Childproofing doesn't stop with concealing exposed wires and putting protective devices over electrical outlets. As your child grows older, you may want to childproof your computers, including your iPad. Luckily, Apple has made it relatively easy to make your iPad kid-friendly.
Turn on Restrictions
The first step to a kid-friendly iPad is to turn on restrictions, which allow you to restrict what applications are allowed on the iPad. You can turn on these parental controls by going into your iPad's settings, choosing general settings from the menu on the left and then scrolling down until you see Restrictions.
Once in the Restrictions settings, touch Enable Restrictions at the top. This will ask you for a four digit passcode. This passcode is used to change the restrictions settings in the future, so make sure it is not something your child will easily guess.
Disable Safari and YouTube
Safari and YouTube are default program that come with the iPad, so you can't delete them. However, you can disable them, which will remove the icons from the iPad. You can do this by flipping the on switch to off next to both Safari and YouTube.
FaceTime is another app you may want to disable. FaceTime allows video conferencing, which can be great if your child's grandparents have an iOS device like an iPhone or an iPad. But if you are uncomfortable with the idea of a video conferencing app on your iPad, you can disable it as well. You can always enable it for the specific times when your child may video conference with an aunt, uncle, cousin or grandparent.
Disabling iTunes is also a personal decision. iTunes will prompt for a password before any download, and you can choose age restrictions to make sure only appropriate materials are downloaded. However, like FaceTime, this can be turned on when needed and then turned off again when the content is downloaded.
You can also disable adding or changing email accounts. This is accessed through the Accounts tab under Allow Changes.
Turn Off App Downloads
It would be nice if we could rely on these ratings for apps, but while Apple does a fairly good job maintaining the age-based ratings for games, there are other apps that slip through the cracks. For example, Microsoft's Bing search engine is rated 4 , but it is quite easy to use Bing to bypass the iPad's parental controls and explore parts of the web better suited for adults than children.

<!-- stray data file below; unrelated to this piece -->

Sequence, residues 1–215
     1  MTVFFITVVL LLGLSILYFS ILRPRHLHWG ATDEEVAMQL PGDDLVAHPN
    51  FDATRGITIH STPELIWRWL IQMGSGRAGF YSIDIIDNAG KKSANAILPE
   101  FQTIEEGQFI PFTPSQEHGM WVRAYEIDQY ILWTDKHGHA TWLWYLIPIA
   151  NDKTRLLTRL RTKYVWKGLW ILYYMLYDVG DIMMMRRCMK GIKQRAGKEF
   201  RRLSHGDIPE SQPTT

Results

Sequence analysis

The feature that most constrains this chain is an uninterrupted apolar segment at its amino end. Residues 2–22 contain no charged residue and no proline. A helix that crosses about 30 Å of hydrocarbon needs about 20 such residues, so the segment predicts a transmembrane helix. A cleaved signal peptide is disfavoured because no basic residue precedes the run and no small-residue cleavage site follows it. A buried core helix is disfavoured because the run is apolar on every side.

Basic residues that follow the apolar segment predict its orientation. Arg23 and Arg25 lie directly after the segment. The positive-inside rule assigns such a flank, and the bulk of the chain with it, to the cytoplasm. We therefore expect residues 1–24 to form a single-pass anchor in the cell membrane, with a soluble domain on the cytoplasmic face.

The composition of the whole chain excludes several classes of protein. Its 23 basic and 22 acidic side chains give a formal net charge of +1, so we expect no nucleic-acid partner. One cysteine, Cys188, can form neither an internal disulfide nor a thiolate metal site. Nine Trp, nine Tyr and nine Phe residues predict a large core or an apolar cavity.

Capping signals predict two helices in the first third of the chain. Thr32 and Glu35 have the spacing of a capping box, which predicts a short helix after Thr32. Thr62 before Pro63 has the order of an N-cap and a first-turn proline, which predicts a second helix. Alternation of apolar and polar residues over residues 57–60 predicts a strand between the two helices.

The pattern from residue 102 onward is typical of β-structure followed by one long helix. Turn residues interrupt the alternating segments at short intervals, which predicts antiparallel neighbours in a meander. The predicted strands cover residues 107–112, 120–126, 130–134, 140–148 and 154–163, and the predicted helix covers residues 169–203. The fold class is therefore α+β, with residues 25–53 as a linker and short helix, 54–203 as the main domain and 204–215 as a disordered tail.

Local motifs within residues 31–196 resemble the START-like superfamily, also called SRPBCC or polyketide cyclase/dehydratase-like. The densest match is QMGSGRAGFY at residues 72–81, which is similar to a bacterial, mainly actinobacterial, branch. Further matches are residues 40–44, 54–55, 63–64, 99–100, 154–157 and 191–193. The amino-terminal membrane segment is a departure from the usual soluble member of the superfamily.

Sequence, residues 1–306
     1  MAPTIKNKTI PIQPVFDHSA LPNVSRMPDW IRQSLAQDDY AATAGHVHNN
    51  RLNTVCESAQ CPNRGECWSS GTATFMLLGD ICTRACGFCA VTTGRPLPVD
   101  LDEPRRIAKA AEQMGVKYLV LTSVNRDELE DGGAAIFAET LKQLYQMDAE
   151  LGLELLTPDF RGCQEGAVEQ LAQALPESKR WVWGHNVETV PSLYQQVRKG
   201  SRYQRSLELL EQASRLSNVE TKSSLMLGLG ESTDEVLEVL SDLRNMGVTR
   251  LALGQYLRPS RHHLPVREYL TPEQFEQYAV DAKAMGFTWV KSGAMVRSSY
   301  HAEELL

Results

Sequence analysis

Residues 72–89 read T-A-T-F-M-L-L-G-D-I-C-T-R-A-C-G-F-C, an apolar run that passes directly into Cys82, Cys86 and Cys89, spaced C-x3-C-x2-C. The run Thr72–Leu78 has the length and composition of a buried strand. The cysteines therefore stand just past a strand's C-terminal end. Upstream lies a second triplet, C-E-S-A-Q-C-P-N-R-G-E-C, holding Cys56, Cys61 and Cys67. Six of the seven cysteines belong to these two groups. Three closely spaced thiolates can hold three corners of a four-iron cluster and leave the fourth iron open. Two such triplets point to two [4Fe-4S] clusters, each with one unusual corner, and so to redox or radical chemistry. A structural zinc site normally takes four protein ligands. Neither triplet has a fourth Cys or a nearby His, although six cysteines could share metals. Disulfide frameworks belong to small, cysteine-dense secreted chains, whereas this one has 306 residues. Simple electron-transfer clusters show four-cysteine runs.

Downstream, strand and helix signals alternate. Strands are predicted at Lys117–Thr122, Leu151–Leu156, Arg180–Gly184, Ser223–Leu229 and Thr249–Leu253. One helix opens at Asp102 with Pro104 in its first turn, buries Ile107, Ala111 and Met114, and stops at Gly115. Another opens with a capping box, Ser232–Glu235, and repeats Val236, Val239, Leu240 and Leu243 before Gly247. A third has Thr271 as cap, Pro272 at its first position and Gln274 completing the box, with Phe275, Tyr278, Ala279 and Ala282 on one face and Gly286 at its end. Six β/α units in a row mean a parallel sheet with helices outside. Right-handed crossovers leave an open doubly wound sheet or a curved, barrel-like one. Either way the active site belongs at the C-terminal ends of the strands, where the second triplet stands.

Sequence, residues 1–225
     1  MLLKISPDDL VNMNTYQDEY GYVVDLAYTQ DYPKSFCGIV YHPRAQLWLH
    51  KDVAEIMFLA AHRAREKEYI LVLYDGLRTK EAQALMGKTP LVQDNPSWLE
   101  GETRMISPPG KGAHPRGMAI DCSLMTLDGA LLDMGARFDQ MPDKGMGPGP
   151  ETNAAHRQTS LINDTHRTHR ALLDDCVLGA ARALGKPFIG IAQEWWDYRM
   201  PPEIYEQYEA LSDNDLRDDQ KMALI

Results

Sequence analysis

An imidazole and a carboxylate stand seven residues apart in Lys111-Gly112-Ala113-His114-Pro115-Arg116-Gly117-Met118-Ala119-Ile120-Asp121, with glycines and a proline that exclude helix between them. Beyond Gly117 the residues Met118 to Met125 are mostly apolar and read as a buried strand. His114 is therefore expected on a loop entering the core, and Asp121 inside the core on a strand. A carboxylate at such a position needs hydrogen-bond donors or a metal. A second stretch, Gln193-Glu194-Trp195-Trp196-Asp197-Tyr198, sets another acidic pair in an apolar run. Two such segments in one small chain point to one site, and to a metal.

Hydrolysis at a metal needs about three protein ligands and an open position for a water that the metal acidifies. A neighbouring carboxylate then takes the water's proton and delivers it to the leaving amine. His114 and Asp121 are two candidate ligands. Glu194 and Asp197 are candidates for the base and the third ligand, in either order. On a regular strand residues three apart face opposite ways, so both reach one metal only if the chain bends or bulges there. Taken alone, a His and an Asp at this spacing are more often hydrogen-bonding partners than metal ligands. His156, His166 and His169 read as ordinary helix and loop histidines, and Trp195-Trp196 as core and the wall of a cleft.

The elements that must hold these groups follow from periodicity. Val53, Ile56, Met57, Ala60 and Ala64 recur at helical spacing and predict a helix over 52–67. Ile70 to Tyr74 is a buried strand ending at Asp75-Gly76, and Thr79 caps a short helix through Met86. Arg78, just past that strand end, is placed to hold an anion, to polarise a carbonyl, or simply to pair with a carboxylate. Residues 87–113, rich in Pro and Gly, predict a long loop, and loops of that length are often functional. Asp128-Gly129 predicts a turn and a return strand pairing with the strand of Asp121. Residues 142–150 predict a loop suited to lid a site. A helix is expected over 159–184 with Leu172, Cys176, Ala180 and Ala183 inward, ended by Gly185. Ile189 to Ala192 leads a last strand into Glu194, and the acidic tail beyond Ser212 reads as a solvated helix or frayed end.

In order to fully childproof the iPad, you will need to turn off app downloads completely.
In addition to turning off downloads, you may want to turn off the ability to delete apps. Remember, it takes the intervention of a parent to download apps to the iPad, so if your kid deletes a game because they are tired of it, you will need to re-download it if they decide they want to play it again.
Turn Off In-App Purchases
This is a step some parents miss, and it can come back to haunt your wallet. Freemium games are games that are priced for free but stacked with in-app purchases. These purchases, which are oftentimes currency or food within the game, can easily add up to a rather high price tag.
When you turn off in-app purchases, the option to buy these extras within games and apps will be disabled. This means no surprises when the iTunes bill comes in your email.
You can turn off In-App Purchases within the same screen as the other restrictions. The setting is towards the bottom of Allowed Content, right above the time interval for requiring a password.
Do You Need to Turn Off Wi-Fi?
There is no restriction for Internet access, but it's easy to turn off Wi-Fi access from the main settings page. If you have a secured Wi-Fi network, you can tell the iPad to forget your Wi-Fi password by bringing up the Wi-Fi networks and touching the blue button pointing to the right. This will take you to a screen with information about your Wi-Fi connect where you can choose "Forget this Network".
However, it is not entirely necessary to disable Internet access on the iPad. If you have disabled apps like Safari and YouTube and disabled the ability to download new apps, you have limited your child's ability to access much of the Internet. In fact, the only way the child can access the Internet is through apps you have allowed, such as games downloaded from the app store or (if you didn't disable it) the FaceTime app.
How to Download Apps to a Childproofed iPad
Now that your iPad is kid-friendly, you may want to make it kid-fun by downloading some appropriate apps or games. But how do you do this without the app store?
There are two ways you can download apps to the iPad once it has the restrictions in place. First, you can simply turn on app downloads in the restrictions page, download the app or game, and turn app downloads back off again. Or, you can download the app or game on your PC using iTunes and then sync your iPad to your PC.
Setting Up an App Allowance
One great way to ensure your child doesn't run up a huge iTunes bill is to set the iPad up with its own iTunes account and remove the credit card from it. You then have the option of gifting apps to the iPad, which allows you to monitor what is installed, or simply setting up an allowance, which allows your kid to download what they want within the limit of the allowance.